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Opioid Crisis is Taking A Toll on Those On the Frontlines

Paige Sutherland/NHPR
Director John Burns of SOS Recovery teaches a training on "compassion fatigue" in Dover.

The drug crisis in New Hampshire has left its mark on thousands of people - those struggling with addiction, their families, friends and co-workers.

But increasing attention is being paid to another group bearing a burden from the epidemic: first responders and those working in the recovery field.

Jim Roberg has been answering the state’s 911 lines for eight years. For the past few years, he’s taken calls on drug overdoses – at what feels like a constant rate.

“I would probably say – a hundred, maybe two hundred – something like that. I couldn’t even begin to tell you,” Roberg said.

These calls may only take a few minutes but Roberg says what he hears on them – sticks with him.

“The overdoses are very hard to deal with because they are so emotional and just having to hear a mother crying over her not breathing child and help that person and not know if they were able to make it or not – sometimes that just gets to be way too much.”

Credit Paige Sutherland/NHPR
Jim Roberg says he's taken hundreds of 911 calls for overdoses in N.H. and these calls...are leaving a mark.

It’s hurt his sleep and his relationship with his fiancée. He’s organizing a peer support group to help his colleagues in the same situation.

“I think there’s been for a long time a stigma of you guys just answer the phone, you don’t see anything – and I think that’s what really needs to change because imagination is a crazy thing, what I can’t see I am going to picture in my head," he said.

What Roberg is describing here has a name – it’s called “compassion fatigue”. And officials in the field like Deb Pendergast says it’s an increasing problem for first responders across the board.

“Compassion fatigue is less about a specific incident – say you respond to a fatal fire or a fatal motor vehicle collision – there is one specific incident that causes you that stress, both psychological and physical. Compassion fatigue is more of a burnout from a number of instances or a number of patients.”

Pendergast directs the state’s fire academy and emergency medical services. For the past year, she’s been offering compassion fatigue training to first responders across New Hampshire.

She says her office has received an influx of calls in recent months from departments wanting to know the signs and how to treat it.

"The expectation that we can be immersed in suffering and loss daily and not be touched by it is as unrealistic as expected to be able to walk through water and not get wet," said John Burns.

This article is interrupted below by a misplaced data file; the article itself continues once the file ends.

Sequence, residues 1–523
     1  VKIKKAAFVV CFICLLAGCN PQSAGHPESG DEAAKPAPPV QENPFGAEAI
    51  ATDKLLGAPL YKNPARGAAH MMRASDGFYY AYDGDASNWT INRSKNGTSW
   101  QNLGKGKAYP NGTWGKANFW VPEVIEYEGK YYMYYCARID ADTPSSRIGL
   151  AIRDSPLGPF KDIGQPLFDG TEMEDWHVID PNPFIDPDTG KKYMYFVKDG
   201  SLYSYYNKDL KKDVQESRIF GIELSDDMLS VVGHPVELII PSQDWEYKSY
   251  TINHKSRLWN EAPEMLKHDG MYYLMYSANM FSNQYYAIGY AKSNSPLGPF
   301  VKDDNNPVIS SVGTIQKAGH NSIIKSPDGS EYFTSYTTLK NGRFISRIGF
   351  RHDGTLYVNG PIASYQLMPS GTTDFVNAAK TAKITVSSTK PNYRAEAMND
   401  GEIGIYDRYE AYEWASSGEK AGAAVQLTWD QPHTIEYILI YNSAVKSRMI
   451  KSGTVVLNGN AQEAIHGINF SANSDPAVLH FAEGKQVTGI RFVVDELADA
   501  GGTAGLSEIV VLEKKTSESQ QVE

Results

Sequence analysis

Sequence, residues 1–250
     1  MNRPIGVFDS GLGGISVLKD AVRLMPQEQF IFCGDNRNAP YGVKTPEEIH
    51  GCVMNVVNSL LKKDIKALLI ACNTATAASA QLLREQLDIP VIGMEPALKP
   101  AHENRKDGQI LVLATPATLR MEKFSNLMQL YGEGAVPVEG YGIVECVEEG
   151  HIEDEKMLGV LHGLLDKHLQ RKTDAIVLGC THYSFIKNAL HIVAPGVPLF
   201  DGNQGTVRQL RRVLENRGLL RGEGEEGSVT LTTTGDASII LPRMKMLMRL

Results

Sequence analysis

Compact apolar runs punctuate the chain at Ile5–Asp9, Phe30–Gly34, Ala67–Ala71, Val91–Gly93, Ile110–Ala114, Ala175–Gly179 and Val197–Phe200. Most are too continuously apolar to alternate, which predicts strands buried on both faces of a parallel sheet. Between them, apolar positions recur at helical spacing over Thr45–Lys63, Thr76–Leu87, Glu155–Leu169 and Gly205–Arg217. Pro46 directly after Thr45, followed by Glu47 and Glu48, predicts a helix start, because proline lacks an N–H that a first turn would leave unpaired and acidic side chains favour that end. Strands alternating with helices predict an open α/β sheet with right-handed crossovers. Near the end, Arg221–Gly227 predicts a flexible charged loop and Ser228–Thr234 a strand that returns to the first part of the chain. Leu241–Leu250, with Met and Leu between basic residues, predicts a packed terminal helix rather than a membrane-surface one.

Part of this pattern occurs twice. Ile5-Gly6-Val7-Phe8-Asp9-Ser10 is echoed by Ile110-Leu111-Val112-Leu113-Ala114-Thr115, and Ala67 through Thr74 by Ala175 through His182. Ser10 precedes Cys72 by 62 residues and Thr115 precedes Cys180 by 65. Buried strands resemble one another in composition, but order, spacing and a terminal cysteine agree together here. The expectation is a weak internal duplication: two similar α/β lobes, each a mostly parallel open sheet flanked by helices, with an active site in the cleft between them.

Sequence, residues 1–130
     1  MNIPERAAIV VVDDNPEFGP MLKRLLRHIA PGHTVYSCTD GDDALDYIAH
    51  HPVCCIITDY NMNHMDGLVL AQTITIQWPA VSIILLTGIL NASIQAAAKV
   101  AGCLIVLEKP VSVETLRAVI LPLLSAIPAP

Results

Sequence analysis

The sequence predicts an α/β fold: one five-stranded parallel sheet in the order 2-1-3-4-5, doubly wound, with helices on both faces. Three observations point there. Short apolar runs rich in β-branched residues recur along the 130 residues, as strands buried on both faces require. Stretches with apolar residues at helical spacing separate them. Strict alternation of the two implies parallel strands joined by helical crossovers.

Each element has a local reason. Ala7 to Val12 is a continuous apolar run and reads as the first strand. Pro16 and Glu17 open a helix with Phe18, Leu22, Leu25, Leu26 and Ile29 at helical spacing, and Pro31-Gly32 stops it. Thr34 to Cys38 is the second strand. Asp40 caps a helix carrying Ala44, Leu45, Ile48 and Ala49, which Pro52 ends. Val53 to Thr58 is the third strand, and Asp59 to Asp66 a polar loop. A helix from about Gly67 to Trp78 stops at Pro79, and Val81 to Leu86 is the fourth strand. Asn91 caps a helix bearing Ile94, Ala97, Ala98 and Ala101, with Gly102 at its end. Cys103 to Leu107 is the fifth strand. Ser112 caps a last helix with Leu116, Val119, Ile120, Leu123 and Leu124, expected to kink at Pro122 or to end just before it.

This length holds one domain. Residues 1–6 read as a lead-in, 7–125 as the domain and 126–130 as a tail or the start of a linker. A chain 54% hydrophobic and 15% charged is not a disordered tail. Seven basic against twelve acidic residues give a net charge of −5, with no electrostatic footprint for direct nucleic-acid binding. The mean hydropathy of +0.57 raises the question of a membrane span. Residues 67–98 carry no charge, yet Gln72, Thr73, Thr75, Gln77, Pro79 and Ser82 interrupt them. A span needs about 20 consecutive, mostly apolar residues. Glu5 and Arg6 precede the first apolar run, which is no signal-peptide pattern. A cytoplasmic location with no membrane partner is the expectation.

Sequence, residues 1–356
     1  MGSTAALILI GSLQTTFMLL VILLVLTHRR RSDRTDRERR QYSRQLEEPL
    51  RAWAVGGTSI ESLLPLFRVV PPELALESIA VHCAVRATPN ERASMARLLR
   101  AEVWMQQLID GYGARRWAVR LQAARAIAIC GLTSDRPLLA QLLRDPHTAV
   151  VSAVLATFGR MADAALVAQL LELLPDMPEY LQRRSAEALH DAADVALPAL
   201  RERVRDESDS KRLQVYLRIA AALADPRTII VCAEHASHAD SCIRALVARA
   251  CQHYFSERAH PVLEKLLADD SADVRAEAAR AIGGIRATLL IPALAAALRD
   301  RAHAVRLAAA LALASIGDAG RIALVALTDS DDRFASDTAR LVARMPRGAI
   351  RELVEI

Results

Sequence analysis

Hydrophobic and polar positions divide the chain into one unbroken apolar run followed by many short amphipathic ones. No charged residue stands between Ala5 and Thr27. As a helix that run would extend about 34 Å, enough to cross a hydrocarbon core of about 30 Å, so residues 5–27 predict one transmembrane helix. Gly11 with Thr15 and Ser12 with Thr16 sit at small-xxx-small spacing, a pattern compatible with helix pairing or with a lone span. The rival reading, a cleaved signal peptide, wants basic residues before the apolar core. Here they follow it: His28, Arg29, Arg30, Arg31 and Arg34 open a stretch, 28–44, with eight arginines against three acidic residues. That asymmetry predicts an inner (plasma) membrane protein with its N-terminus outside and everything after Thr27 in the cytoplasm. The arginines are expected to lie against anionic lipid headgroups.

Symptoms include trouble sleeping, difficulty focusing, mood swings and lack of empathy on the job. But the biggest hurdle, Pendergast says, is getting first responders to acknowledge there’s a problem.

“The mind of the real rough firefighter, tough EMT – I think we need to get away from that. We need to stop seeing ourselves as Wonder Woman and Superman and realize we are human and these things do affect us and we are the only ones that can control healing ourselves.”

In Nashua the fire department recently held a training to help those dealing with this strain. 

Firefighter Lt. Glen Telgen says the number of overdoses he’s responded to have really worn on him…especially treating the same person over and over – some even in the same day.

“You know depression, bad attitude, shortness with my kids and we don’t even know we are doing it, it’s not like we are trying to do it – we are not trying to go home and be miserable,” Telgen said.

Last year Nashua saw nearly 1,300 people walk into the city’s fire stations looking for substance abuse help under the Safe Stations Program.

Credit Paige Sutherland/NHPR
Captain Glenn Nielsen of the Nashua Fire Department led a training last month on "compassion fatigue" to make everyone aware of the signs and how to treat it.

Telgen is a fan of the program but says there needs to be some follow up with the patients – just to show the firefighters, that they are making a difference.

“No one will ever argue that if you had to deal with 500 Safe Stations and you had two got on the right path – that’s worth it, it’s worth it for us, we even know that. But we don’t necessarily see that side. But for us to just keep taking the beating – and by beating I mean, all hours of the night, weekends,” Telgen said.

I met Deirdre Boryszewski at a similar training in Dover. She’s in long-term recovery and works with people seeking sobriety.

“The expectation that we can be immersed in suffering and loss daily and not be touched by it is as unrealistic as expected to be able to walk through water and not get wet," said Director John Burns during a training session at SOS Recovery.

When her boss Burns went over the symptoms of compassion fatigue,  many in the room, including Boryszewski, nodded along.

Mark Coburn and Deirdre Boryszewski are recovery workers at SOS in Dover. They said working in this field - it's hard not to have "compassion fatigue."

Boryszewski says she’s had to learn, she’s not Wonder Woman and for her own health - she can’t try to be.

“A lot of it for me is not setting myself too high as far as ‘ok today I am going to go to work, and I am going to help 20 people and they are all going to come back the next day’ – oh that is just crazy," she said.

"But if I can come in and maybe talk to one person and have them leave here with a smile than I’m doing what I’m supposed to be doing.”

Boryszewski says she’s going to start focusing on her own health more – go to the gym, eat healthier. But as for the job – she says she still plans to come to work the next day and the one after that as long as she feels needed.

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